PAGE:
Light Reading: Afternoon Tea Week

Hooray Henry! Its Afternoon Tea Week. A decidedly English habit with its own ritual, Afternoon Tea truly puts the gentility into polite society. At any rate, tea, along with luxury commodities like sugar and porcelain was formerly the preserve of the well-heeled and for the curious modern reader, promises a chequered history of questionable morals. … Continue reading Light Reading: Afternoon Tea Week

Musings: Women, the Toilette and the Boudoir in Rococo Painting

Time for a little titillation: The Rococo's answer to pin-ups on cigarette cards, peep holes and voyeuristic fascination - let's step into the boudoir. Gentlemen getting hot under the dog collar at thoughts of 'walking in' on a lady in a state of undress, that glimpse of an ankle, a well turned calf, the cinching … Continue reading Musings: Women, the Toilette and the Boudoir in Rococo Painting

Musings: Boucher, Women and Ownership in Rococo Painting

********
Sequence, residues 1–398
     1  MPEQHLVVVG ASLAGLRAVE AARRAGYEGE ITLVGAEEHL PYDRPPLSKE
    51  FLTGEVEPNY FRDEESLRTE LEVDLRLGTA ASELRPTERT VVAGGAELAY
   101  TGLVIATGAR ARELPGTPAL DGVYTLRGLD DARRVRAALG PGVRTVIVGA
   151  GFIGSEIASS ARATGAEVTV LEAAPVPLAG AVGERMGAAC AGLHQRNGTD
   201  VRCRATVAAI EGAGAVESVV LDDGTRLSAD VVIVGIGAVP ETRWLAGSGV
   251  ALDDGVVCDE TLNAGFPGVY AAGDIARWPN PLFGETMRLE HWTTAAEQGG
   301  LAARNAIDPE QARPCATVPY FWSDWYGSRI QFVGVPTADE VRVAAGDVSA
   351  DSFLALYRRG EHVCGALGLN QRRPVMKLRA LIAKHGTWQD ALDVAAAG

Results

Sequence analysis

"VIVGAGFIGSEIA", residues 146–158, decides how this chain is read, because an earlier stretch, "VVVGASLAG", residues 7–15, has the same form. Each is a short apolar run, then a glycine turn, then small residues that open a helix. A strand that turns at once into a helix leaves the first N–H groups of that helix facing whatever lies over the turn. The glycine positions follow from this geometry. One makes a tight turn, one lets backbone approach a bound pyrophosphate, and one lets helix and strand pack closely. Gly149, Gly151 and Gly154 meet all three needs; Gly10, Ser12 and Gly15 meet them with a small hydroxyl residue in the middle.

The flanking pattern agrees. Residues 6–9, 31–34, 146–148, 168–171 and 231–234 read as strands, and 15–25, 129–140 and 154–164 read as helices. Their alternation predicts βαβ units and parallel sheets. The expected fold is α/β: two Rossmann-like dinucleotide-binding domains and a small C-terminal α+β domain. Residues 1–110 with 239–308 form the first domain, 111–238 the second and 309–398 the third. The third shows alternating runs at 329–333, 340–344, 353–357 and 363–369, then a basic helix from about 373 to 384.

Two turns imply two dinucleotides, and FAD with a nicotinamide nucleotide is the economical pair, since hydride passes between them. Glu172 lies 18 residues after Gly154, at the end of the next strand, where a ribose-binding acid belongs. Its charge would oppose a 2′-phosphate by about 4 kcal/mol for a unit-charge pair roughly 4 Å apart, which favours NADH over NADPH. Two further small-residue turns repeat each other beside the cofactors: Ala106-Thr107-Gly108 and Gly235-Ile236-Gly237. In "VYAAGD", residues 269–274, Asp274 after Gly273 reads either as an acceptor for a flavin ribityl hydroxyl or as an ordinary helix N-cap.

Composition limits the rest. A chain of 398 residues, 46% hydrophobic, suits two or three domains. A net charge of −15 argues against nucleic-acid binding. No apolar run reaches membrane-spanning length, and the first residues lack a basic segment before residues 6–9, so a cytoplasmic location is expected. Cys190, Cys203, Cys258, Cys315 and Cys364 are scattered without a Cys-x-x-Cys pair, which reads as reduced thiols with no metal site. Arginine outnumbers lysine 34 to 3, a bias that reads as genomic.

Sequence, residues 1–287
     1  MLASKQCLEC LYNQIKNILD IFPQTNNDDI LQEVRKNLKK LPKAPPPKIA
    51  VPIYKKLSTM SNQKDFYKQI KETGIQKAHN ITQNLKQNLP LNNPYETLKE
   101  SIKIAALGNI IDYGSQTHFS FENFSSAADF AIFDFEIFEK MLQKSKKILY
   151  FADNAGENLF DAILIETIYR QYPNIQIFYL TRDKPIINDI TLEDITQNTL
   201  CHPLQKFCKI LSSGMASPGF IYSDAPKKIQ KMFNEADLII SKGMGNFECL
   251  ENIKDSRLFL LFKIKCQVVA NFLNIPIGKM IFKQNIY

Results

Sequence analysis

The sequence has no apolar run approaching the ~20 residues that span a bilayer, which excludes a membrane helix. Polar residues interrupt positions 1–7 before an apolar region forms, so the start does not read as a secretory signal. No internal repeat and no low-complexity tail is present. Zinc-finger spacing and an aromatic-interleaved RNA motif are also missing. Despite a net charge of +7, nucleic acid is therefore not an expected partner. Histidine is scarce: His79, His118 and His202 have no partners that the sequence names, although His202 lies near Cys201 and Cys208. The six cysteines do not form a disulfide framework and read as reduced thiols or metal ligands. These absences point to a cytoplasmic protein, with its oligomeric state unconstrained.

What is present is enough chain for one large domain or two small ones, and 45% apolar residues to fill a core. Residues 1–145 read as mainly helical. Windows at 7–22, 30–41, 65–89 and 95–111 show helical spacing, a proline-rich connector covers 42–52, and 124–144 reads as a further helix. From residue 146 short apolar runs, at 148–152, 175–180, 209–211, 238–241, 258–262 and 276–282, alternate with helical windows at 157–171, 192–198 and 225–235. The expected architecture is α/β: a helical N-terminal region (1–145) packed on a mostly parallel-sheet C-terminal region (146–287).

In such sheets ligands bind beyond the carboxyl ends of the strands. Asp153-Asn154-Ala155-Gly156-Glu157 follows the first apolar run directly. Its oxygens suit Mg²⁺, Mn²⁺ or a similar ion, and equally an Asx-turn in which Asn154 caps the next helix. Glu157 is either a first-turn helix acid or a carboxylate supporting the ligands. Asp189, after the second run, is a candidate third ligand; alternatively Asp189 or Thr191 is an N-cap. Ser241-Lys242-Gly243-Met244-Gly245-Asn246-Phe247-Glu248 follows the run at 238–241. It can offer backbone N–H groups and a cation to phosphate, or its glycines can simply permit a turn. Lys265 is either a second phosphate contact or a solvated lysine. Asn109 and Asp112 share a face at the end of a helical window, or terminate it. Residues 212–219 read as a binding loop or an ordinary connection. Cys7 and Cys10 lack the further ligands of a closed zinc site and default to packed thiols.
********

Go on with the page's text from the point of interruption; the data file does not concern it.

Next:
The open display of the female body in the private arts becomes synonymous with questions of ownership. Boucher’s painting of the nude is intimately bound with the patron. In the 18th century, sensual scenes involving European mistresses serve to demonstrate what Cavendish identifies as a “contemporary vogue for erotic intrigue among the French nobility”. Jean … Continue reading Musings: Boucher, Women and Ownership in Rococo Painting

In the Frame: Botticelli’s Primavera

Sandro Botticelli (1445 - 1510) paints Primavera in the second half of the 15th century, Florence - speculated to be the year 1482. Here, he works on a commission from his principal patrons, the Medici dynasty, having found favour with it’s burgeoning intelligentsia. Botticelli presents Primavera as a large-scale mythological painting playing on popular literary, … Continue reading In the Frame: Botticelli’s Primavera